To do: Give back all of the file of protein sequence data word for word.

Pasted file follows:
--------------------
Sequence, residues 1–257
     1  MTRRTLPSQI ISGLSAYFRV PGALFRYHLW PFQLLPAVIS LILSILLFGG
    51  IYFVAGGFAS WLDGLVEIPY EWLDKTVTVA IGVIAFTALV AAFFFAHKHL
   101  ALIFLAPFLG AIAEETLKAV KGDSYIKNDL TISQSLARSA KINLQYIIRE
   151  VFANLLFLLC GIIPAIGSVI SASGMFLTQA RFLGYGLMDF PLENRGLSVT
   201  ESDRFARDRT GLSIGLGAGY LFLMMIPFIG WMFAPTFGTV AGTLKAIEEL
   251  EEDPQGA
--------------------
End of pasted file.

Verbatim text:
Sequence, residues 1–257
     1  MTRRTLPSQI ISGLSAYFRV PGALFRYHLW PFQLLPAVIS LILSILLFGG
    51  IYFVAGGFAS WLDGLVEIPY EWLDKTVTVA IGVIAFTALV AAFFFAHKHL
   101  ALIFLAPFLG AIAEETLKAV KGDSYIKNDL TISQSLARSA KINLQYIIRE
   151  VFANLLFLLC GIIPAIGSVI SASGMFLTQA RFLGYGLMDF PLENRGLSVT
   201  ESDRFARDRT GLSIGLGAGY LFLMMIPFIG WMFAPTFGTV AGTLKAIEEL
   251  EEDPQGA